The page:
Light from a Dark Night

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We met in the middle of the night in a nearly empty parking garage at O’Hare Airport in Chicago.  My boss and I were returning from a weeklong business trip to the West Coast, laden with materials and personal stuff.  Our flight landed at about 11:30 PM; it was approaching midnight when my boss offered to escort me to my car.

After picking up loads of stuff from the baggage claim, I rented a pushcart for the trip to my car.  You were standing in the deserted elevator vestibule of the parking garage.  I assumed that you were among those who scrape together the round trip train fare to O’Hare for your night job of collecting  $.25 for each baggage cart you returned, hustling for tips by assisting travelers, or just hustling.

You were a teenager at the time; I’d guess about 16. We didn’t acknowledge each other when we met.  I noticed that you wore the uniform of a Black urban youth when you waited for my boss and I to empty my cart so you could claim its bounty. I remembered to put my car keys in my pocket – handy for a quick retreat.

I first heard your voice when you yelled to us, “Hey!” I didn’t argue with my boss when he said, “ Just keep going.” We did, moving a little faster. You moved faster, too, then summoned us again,“Hey!” Once more, I ignored your call. I felt better about having my keys handy and remembered their potential as a self-defense tool from my street safety class. We moved fast, but you moved faster. Your call never changed, “Hey!”

I remember my relief when we reached the safe harbor of my car, followed by fear when I looked in my rear view mirror to see you directly behind my car. It was my boss who first noticed that you were pointing something towards us. I was the one to recognize this object as my briefcase. You were following us to return the briefcase I left in the luggage cart.

I can’t remember the words exchanged in our only conversation.  I muttered something like “ Thank you” as I pushed a few dollars into your hand in exchange for my fully intact briefcase. But I will never forget the way you looked at me the only time we made eye contact. It wasn’t with resentment or anger or hostility. These would have been easier to accept than the resignation I saw. Your eyes expressed what you expected. Of course, you’d ignore me. Of course, you’d run away. Of course, you’d be afraid of me. Of course.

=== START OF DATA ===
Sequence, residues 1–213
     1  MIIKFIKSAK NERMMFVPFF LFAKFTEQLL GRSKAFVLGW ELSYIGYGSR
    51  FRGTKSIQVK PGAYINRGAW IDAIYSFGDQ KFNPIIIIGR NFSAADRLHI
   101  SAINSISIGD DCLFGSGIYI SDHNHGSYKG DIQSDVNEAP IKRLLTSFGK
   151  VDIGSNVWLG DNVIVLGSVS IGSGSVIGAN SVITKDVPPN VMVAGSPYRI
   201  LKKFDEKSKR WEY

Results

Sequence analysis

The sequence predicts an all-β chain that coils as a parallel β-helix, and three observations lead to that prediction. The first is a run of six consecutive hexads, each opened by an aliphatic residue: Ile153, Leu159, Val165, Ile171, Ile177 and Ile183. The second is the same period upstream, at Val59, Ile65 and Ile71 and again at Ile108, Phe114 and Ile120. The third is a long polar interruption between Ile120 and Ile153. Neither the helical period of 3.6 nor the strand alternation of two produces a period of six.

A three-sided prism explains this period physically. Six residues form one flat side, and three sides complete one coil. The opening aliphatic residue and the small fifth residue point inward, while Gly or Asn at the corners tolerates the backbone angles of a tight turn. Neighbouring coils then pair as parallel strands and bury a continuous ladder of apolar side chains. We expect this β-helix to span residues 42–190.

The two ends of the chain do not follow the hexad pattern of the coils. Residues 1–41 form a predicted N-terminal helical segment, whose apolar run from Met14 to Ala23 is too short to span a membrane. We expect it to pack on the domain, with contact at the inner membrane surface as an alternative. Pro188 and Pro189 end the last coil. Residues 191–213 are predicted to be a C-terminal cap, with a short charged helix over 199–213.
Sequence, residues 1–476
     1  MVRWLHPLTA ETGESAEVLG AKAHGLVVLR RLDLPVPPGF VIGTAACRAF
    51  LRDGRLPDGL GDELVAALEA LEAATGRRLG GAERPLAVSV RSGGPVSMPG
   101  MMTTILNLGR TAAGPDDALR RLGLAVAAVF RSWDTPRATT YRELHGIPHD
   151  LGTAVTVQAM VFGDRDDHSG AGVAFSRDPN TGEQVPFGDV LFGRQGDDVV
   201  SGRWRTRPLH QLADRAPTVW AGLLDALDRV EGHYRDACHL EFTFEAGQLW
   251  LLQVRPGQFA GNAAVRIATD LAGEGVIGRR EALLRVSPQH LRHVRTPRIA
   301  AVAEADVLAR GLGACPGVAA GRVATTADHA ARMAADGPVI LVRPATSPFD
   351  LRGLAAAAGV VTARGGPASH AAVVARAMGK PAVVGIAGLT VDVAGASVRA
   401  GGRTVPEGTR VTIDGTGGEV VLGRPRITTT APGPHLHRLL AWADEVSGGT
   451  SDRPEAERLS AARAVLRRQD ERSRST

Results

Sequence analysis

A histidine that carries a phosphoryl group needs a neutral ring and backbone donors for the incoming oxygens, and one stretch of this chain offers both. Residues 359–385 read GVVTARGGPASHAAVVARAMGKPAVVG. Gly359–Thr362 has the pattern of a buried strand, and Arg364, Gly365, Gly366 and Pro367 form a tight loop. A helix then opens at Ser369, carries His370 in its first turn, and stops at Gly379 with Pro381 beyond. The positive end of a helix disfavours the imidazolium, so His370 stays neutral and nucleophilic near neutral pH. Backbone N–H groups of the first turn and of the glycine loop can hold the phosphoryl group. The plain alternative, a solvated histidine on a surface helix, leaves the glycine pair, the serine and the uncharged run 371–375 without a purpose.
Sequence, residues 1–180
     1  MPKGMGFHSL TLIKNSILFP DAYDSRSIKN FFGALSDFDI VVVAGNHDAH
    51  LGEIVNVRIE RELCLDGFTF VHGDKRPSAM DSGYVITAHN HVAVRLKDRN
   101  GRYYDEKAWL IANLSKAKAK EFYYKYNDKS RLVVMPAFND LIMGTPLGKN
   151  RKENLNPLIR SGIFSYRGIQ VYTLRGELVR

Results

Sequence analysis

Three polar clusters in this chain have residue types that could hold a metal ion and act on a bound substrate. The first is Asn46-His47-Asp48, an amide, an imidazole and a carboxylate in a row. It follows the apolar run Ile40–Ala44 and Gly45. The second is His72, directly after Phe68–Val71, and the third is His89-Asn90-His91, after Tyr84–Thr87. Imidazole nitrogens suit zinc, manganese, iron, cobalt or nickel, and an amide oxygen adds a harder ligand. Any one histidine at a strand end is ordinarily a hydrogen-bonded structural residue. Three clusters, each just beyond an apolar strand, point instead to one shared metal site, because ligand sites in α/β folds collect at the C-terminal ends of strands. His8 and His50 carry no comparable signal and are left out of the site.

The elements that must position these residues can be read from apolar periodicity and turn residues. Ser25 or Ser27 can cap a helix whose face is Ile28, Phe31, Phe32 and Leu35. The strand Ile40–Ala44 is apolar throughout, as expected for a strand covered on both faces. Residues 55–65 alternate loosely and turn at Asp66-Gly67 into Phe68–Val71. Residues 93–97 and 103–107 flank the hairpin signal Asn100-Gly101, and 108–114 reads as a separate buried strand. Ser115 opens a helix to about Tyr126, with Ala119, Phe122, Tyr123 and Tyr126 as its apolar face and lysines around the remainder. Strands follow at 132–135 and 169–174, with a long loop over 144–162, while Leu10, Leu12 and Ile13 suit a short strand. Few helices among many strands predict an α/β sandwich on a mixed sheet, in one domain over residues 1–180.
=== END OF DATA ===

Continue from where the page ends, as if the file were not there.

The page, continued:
I think of you sometimes. I thought of you this weekend.  I think of you every year when I listen to the Youth Award Winners from UCAN. Some of these remarkable young leaders look like you. They’ve been labeled. They’ve watched people cross the street when they come by. They’ve lived in danger.  They’ve suffered trauma. They’ve been written off before they’ve even started. And, they are determined to prove doubters like me wrong about them.

I hope you’ve had a good life. Like our future leaders from UCAN, I hope that you’ve opened your heart to forgive and give the world another chance. And, if necessary, to give yourself another chance.  Because we need you to live the meaningful life you deserve. We need your hope. We need your talent. We need your dreams. We need you to make a future where we do better.

12 thoughts on “Light from a Dark Night

  1. Yes Susan yes…and we need to help create an environment wherein these bright, engaging, promising minds can define the path for a better future.

  2. I agree, Mimi. Hopefully, in the environment you describe, we shout less and listen more. we experience individuals instead of “those people.” We assume less and inquire more. As Gandhi instructs, I can only start with me.

  3. This is a lesson I wish we all could learn. There are real threats to our safety in this world. I just wish I was better at determining who might be a threat, and who is a good person. Sigh.

    • I know, Colleen. The line between trusting and foolish can be unclear. But it seems this dilemma is true for all people of all races. How can we exist in the world with the judgement to protect our safety?

      But some things don’t appear to happen to all of us. I know that as a white woman of Northern European decent, I can’t recall being followed around a store, having people move away from me on a bus or train seat, or cross the street when they see me. Yet, friends of color, wonderful people, tell me this happens to them all of the time.

      I’ve never had to tell white children not to run, always keep hands open and available, and never to ask a law enforcement official a question. But every child of color I ask tell me these “rules.”

      I’m just going to start with me. I can do better by suspending assumptions about others, and evaluate people on an individual basis vs as a member of a group. That’s what I can do.

  4. Thank You Susan for your candidness. It’s important for us to make racial profiling a topic we can begin to talk openly about. Discussion is the only way to begin understanding and eventually growth.

  5. SBK, in light of the recent court case in Florida, such a strong and deep reminder to face the “ladder of inference” and challenge old patterns and habits. See you soon!

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